Kiama, NSW. More Clues and Curiosities.

Right before your Eyes!

While visiting Kiama’s Family History Centre I parked right near a memorial obelisk in memory of Capt. Charles Moore Stevenson who died in 1909. Here’s a transcription from the Sydney Morning Herald dated 31 May 1909 which you can find on Trove.



KIAMA, Saturday.

At 3 o’clock this afternoon there was a large gathering of residents of the town and district in the vicinity of the drill hall to witness the unveiling of the memorial obelisk erected by the officers, N. C. officers, and men of E Company, First Battalion, 2nd A.I.R, to the memory of the late Captain Charles Moore Stevenson, VD, who served with the 2nd Regiment from October 25, 1886, to February 11, 1909. The band of the 2nd Australian Infantry Regiment was present and rendered Handel’s ‘Largo’ as a voluntary, after which Captain the Rev. T. V. Alkin, M.A., offered prayer, which was followed by an address from Brigadier-Colonel C. M. Ranclaud, V.D. in which he spoke in the highest terms of the late Captain Stevenson. At the request of Major Ramaclotti the Brigadier unveiled the monument, the foundation of which is of Victorian bluestone, surmounted by a column of Swedish emerald green granite bearing the following inscription “Erected to the memory of Captain C. M. Stevenson, V. D., by his late comrades of the E (Kiama) Company, 2nd A. I. Regiment, 1909”. The monument occupies, a position at the east end of the military ground, and faces Manning-street.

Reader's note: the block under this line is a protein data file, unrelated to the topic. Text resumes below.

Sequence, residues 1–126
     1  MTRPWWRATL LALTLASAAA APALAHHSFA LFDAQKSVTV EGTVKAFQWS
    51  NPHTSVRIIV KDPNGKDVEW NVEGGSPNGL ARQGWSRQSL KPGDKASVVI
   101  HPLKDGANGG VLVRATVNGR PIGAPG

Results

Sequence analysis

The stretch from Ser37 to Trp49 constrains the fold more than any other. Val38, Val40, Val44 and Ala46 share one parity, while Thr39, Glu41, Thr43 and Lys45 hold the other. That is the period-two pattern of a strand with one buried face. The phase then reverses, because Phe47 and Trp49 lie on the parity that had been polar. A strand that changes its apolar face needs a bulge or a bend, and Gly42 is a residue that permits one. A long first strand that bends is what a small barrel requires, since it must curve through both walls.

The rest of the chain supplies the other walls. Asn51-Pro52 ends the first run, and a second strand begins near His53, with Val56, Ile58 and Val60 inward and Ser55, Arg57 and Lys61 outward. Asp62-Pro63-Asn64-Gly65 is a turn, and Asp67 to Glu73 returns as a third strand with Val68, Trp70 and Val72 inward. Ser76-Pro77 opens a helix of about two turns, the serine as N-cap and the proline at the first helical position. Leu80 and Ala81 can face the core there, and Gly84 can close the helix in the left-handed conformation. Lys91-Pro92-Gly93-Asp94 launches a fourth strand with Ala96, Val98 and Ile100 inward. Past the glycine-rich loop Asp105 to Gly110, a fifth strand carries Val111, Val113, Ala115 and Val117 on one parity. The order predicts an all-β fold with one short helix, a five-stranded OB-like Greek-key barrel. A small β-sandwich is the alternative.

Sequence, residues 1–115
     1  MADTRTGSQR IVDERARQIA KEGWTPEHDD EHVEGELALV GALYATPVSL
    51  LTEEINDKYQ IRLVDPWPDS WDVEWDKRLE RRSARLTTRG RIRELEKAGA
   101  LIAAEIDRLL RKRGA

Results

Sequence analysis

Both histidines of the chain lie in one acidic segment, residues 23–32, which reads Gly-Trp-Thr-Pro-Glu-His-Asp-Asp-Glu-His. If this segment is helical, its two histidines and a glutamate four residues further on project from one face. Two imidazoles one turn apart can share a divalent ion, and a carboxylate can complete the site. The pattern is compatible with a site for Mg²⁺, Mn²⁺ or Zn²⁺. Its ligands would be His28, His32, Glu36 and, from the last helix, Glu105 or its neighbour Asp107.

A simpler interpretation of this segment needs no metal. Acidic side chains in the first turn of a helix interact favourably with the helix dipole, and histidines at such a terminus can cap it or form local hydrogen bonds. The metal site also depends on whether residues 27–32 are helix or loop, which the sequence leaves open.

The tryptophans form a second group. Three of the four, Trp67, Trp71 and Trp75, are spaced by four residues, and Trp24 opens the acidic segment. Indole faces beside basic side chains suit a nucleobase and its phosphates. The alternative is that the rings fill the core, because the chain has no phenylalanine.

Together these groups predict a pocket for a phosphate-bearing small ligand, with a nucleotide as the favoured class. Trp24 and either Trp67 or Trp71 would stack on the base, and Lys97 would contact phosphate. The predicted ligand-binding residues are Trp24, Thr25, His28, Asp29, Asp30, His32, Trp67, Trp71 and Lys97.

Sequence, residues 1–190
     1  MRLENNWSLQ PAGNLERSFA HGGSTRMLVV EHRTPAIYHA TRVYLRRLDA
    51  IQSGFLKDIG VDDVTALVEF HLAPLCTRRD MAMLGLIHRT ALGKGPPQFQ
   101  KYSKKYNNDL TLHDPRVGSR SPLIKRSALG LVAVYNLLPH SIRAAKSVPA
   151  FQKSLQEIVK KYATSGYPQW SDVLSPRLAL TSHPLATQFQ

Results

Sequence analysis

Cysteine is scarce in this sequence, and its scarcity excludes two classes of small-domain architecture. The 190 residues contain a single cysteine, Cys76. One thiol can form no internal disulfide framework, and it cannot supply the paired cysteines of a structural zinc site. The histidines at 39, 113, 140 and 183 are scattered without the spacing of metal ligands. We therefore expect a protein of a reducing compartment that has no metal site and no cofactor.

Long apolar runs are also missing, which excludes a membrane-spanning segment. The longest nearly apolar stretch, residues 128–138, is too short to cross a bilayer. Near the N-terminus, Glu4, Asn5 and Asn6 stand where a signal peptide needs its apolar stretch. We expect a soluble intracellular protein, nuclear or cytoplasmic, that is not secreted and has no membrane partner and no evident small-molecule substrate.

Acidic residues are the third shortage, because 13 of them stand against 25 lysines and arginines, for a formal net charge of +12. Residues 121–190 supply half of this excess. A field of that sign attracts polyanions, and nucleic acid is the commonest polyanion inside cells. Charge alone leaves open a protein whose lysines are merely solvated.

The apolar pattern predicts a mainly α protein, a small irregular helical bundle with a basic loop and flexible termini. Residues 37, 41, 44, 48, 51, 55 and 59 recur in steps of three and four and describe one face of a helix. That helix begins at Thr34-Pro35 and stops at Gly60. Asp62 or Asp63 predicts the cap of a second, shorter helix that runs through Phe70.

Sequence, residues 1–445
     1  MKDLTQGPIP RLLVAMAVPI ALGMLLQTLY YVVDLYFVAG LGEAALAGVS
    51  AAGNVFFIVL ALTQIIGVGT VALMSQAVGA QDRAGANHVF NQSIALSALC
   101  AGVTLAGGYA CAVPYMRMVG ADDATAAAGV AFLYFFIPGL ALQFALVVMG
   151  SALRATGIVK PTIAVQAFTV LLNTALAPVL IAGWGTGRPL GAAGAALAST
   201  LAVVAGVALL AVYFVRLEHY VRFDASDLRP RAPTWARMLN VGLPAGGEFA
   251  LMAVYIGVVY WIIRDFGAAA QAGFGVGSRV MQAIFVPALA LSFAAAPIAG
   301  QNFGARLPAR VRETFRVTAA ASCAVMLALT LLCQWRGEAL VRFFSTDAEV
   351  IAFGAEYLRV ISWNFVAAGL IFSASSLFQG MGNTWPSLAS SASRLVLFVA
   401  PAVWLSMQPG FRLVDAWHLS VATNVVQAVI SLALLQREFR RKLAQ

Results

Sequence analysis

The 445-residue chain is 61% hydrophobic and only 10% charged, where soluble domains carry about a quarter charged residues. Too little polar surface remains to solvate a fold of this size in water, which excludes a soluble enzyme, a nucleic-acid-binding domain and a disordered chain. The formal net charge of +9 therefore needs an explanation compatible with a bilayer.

Kiama’s Local History Weblog has more information and pictures of the unveiling and details of his funeral and burial at North Kiama from the Sydney Morning Herald dated 15 February, 1909. The article also mentions he owned a store at Kiama. While looking for articles on the drowning of William McClelland in 1897, I happened to find and advertisement for “C.M. Stevenson’s” in the Kiama Independent Newspaper.

Volunteer Officers Decoration

A quick look at the Australian War Memorial didn’t produce any results for Charles M. Stevenson but Wikipaedia says the V.D. stands for Volunteer Officers Decoration and the names of the officers receiving the decoration were published in the relevant countries Government Gazette and included the picture above. The Australian War Memorial’s blog has an article on colonial defence personnel pre 1900 which provides some starting points including Robert Dalton’s 1985, “The Volunteer Officer’s Decoration, the Volunteer Long Service Medal, the Colonial Auxiliary Forces Officer’s Decoration, the Colonial Auxiliary Forces Long Service Medal to Australia, 1894-1938, R. Dalton, [Brighton, Vic.] which is available at the Australian War Memorial or the National Library of Australia, in Canberra. I wonder if they might look it up for us? I’ll keep you posted. As yet I haven’t found a connection with my research for the Stevenson family at Bombala, but you never know!

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